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EDITORIAL: Three Real Estate Issues, Under Consideration, Part Nine


Prior to my arrival in Pagosa Springs, I had the privilege of living for 20 years in Juneau, Alaska — another town suffering its own version of tourism-generated growing pains — and I think I know what ‘a genuine community’ feels like. There is ...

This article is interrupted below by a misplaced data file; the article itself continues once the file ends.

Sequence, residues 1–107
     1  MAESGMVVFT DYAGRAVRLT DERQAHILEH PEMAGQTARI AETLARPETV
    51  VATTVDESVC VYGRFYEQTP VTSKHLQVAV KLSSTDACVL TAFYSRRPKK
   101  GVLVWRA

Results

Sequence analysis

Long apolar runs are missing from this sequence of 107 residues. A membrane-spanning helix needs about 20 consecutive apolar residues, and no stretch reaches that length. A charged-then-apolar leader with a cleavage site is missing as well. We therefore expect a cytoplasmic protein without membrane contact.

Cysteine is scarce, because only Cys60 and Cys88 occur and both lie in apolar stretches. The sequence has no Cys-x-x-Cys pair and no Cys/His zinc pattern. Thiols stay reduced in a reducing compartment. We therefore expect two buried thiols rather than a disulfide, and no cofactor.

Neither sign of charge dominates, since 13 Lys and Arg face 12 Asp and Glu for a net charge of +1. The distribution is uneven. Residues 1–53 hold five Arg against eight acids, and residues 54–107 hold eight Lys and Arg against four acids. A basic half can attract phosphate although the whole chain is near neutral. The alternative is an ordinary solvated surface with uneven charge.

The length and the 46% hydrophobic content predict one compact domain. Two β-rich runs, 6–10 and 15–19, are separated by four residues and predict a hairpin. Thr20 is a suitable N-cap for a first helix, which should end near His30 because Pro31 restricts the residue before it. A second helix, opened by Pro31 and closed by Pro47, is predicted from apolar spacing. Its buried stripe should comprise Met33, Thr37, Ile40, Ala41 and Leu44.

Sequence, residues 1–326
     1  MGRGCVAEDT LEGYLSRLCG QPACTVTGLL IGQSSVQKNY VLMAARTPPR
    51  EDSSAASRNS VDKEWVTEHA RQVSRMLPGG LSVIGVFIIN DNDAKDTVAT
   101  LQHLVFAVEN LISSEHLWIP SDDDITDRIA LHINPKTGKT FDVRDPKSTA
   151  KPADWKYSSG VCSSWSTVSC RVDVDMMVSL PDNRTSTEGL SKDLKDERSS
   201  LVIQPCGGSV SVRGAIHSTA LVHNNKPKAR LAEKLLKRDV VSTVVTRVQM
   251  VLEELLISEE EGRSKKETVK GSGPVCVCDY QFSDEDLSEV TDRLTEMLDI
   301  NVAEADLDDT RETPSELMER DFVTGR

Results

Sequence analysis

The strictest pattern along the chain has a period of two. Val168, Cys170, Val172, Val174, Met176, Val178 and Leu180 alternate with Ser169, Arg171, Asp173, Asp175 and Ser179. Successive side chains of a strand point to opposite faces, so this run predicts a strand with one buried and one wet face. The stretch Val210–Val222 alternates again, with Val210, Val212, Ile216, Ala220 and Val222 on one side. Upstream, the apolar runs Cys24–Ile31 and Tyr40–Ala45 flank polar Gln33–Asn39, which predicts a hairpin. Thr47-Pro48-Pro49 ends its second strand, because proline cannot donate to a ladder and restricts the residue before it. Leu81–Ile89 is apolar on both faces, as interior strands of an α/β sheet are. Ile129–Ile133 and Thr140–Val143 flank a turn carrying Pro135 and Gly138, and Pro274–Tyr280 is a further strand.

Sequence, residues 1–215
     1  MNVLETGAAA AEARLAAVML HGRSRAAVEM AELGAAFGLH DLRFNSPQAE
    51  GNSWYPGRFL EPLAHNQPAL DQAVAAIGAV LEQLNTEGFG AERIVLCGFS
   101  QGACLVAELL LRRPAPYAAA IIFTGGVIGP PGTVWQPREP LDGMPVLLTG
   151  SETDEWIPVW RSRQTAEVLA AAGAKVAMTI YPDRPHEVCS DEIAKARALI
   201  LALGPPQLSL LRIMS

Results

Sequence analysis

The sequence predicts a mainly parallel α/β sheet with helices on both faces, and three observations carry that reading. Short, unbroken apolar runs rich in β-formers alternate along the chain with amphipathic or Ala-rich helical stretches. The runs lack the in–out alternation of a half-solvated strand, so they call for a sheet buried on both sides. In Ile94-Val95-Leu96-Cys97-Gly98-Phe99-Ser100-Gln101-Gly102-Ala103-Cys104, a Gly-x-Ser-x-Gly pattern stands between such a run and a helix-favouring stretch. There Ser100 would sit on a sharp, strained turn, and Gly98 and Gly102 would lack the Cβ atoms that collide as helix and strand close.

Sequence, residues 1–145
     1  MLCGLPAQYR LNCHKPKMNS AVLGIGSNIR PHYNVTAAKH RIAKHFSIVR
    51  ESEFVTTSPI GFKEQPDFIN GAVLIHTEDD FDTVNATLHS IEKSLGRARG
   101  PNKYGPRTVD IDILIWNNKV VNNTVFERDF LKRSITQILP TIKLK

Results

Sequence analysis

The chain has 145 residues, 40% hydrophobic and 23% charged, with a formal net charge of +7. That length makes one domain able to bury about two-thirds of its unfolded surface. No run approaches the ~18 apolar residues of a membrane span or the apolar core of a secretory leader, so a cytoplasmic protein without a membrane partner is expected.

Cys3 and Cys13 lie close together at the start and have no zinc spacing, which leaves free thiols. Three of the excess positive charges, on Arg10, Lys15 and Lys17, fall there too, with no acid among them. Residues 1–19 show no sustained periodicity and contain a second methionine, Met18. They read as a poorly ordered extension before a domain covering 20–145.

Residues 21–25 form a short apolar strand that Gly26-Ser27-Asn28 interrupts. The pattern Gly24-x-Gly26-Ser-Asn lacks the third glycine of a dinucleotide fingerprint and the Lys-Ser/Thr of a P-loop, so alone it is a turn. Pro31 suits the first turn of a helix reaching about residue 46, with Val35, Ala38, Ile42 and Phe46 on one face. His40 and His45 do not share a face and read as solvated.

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News/Politics / Opinion/Letters EDITORIAL: Three Real Estate Issues, Under Consideration, Part Nine by Bill Hudson · March 2, 2018 Read Part One [Economist Henry] George argued that the rent of land increased faster than wages for labor because the supply of land is fixedModern economists, including Ottmar Edenhofer, have demonstrated that George’s assertion is plausible but was more likely to be true during George’s time than now. — Wikipedia More than a few years ago — in 1879, to be exact — American economist Henry George published his ground-breaking and very popular book, Progress and Poverty, and as a result, sparked a number of reform-oriented political movementsGeorge was concerned about the economic inequality in America — the persistence of heart-wrenching poverty in the midst of a growing, industrializing nationHe pegged our continuing inequality, and other social problems, to the private ownership of landHis book sold 3 million copies at a time when the total U.Spopulation was about 50 million people — and millions more copies sold worldwide, probably more than any previous book by an American author. He’d honed his writing skills as editor of the San Francisco Times, during the population explosion that took place in California following the Gold Rush of 1849. George viewed the problem of poverty in terms of two kinds of wealthOn the one hand, we have the authentic wealth created by human labor — physical labor and intellectual laborOn the other hand, we have the artificial wealth created by monopoly control of resources — especially, the control of landIn a region with a growing population, like California in 1879, the corporations and investors that controlled productive land were able to extract premium profits from the working class, merely by having monopoly control of that landIn 1879, the evil corporations creating widespread poverty for their own selfish benefit were — in George’s view — primarily the railroads. Land is a finite resource, even in ColoradoEven in Pagosa SpringsIn 1879, Henry George believed the nation could solve its problem of ‘poverty in the midst of plenty’ by funding social needs — that is, government services — with a hefty tax on land ownership, and by reducing taxes on ‘wealth created by labor’ such as income taxes and sales taxes. I haven’t read George’s book — I’ve only read about the book, and about George himself — but it seems to me that monopoly corporations typically pass the cost of their operations onto the consumer, including taxes of any kindSo I don’t even vaguely understand how the adoption of Henry George’s taxing scheme might have solved the problem of poverty and inequality, had it ever been instituted in America. But I do vaguely understand that we’re facing an especially challenging situation in Pagosa Springs in 2018, and that even our most politically conservative government leaders are concerned about the direction in which we’re currently headed. You probably wouldn’t suspect that we had concerns about our future, however, if you were to read the introduction to the draft Comprehensive Plan Update available on the Town of Pagosa Springs website(You can also download it here.)  The draft Update begins like this: Pagosa Springs is “Refreshingly Authentic” – a place of natural beauty, diverse cultures and a genuine communityThat natural beauty, along with the hot springs, has drawn groups to the area for centuriesNative Americans, the Spanish and early American miners and ranchers settled around the hot springs and cultivated the community heritage that thrives into the presentThe Town is steeped in its history and profoundly optimistic about its future. I’m not sure what the authors of the above paragraph mean by “a genuine community,” but as a 25-year resident of Pagosa Springs, I can testify that a huge proportion of the people who have relocated to Archuleta County over the past 25 years came here looking for ‘seclusion and privacy,’ and not ‘a genuine community.’ Prior to my arrival in Pagosa Springs, I had the privilege of living for 20 years in Juneau, Alaska — another town suffering its own version of tourism-generated growing pains — and I think I know what ‘a genuine community’ feels like. There is very little “genuine community” remaining in Pagosa Springs, in 2018Nor is this a place of “diverse cultures.” Nor is there a significant amount of “community heritage” left, nor much collective connection to our “history.” Really… are we profoundly optimistic about our future? You tell me. The Comp Plan continues: The Town’s economy and residents reveal the dual presence of the old and the new, the constant and the dynamic, in Pagosa SpringsThe population is a mix of long-time residents, including an indigenous population, and newcomersMany of these newcomers are retirees whose presence has helped diversify the local economyWhile the Town’s economy continues to revolve around tourism and healthcare, craft and outdoor product industries are growing… An emerging economic center, uptown provides much of the Town’s sales tax baseMeanwhile, downtown remains the heart of the community as its recreation, tourism and cultural center. I wonder how anyone could take this document seriously, as an accurate description of our townUnfortunately, this will likely become the official, government-sanctioned version of Pagosa Springs, 2018.  Seems to me, it’s mighty difficult to address your town’s problems if you insist on viewing yourself through rose-colored glasses. From the draft Comp Plan: The population of the County is expected to increase significantly over the next 10 years, with a projected increase of 28.6%Likely, much of that growth will occur beyond the Town limits but within its economy and planning area. To put that projection into raw numbers, this would mean a county-wide population of about 16,000 people by 2028Presumably, then the number of houses in Pagosa Springs would also increase by 28.6%? So the growing population has places to live? But: Homebuilding and construction have been slower to rebound since the RecessionSince 2006, 41 new units have been built in the Town, representing 3.8% of the total housing stockIn the County, despite higher population growth, only 0.9% of total housing units were built from 2006 onwards. According to the 2017 Archuleta County Housing Needs Study, a survey of local contractors suggest that more than 60 percent of the homes now being built in Archuleta County are intended for second home ownersAnd that’s been the case since 2006If those estimates are accurate, then the amount of housing built for local residents to live in, over the past 12 years, has amounted to an increase of about 1 percent of the current housing stock. How, exactly, does a community increase its population by 28.6% over the next ten years — when the long-term housing stock intended for full-time residents is increasing at a rate of 1 percent every ten years? Are all the new full-time residents are living in their cars? Sorry, I’m not feeling profoundly optimistic about the future. Read Part Ten… Bill Hudson Bill Hudson founded the Pagosa Daily Post in 2004 in hopes of making a decent living writing about local politics The hope remains.   Support Our Advertisers              FeaturesPagosa News Pagosa Weather Forecast Daily Post Staff Recent Articles Colorado Legislator Wants Judiciary Subject to Open Records Law EDITORIAL: Three Real Estate Issues, Under Consideration, Part Ten Democratic Part Caucuses to be Held Tomorrow, March 6 USDA Website Aimed at Addressing Rural Opioid Crisis OPINION: One Year of Dirty Deals at Interior Department EDITORIAL: Three Real Estate Issues, Under Consideration, Part Nine FLC WellPAC Presents ‘Cracked, Not Broken: The Kevin Hines Story’ Recent Archives Recent Archives Select Month March 2018 February 2018 January 2018 December 2017 November 2017 October 2017 September 2017 August 2017 July 2017 June 2017 May 2017 April 2017 March 2017 February 2017 January 2017 December 2016 November 2016 October 2016 September 2016 August 2016 July 2016 June 2016 May 2016 April 2016 March 2016 February 2016 January 2016 December 2015 November 2015 October 2015 September 2015 August 2015 July 2015 June 2015 May 2015 April 2015 March 2015 February 2015 January 2015 December 2014 November 2014 October 2014 September 2014 August 2014 July 2014 June 2014 May 2014 March 2014 February 2014 January 2014 December 2013 November 2013 October 2013 August 2013 July 2013 June 2013 May 2013 April 2013 December 2012 November 2012 October 2012 August 2012 July 2012 June 2012 May 2012 April 2012 March 2012 February 2012 January 2012 December 2011 November 2011 October 2011 September 2011 August 2011 July 2011 May 2011 April 2011 March 2011 February 2011 January 2011 December 2010 November 2010 October 2010 September 2010 August 2010 July 2010 June 2010 May 2010 April 2010 February 2010 December 2009 November 2009 October 2009 September 2009 August 2009 July 2009 June 2009 May 2009 April 2009 March 2009 February 2009 January 2009 December 2008 October 2008 September 2008 July 2008 June 2008 April 2008 January 2008 December 2007 July 2007 March 2007 February 2007 January 2007 November 2006 September 2006 May 2006 April 2006 December 2004 Contact UsPhone: 970-903-2673 Email: pagosadailypost@gmail.com Mail: PO Box 3961 Pagosa Springs CO 81147 Pagosa Daily Post is a production of Bill Hudson Productions, offering website design, video production and graphic design to the Pagosa Springs community Home News/Politics Opinion/Letters Essays/Poetry Business Education/Health Arts Community Outdoors Humor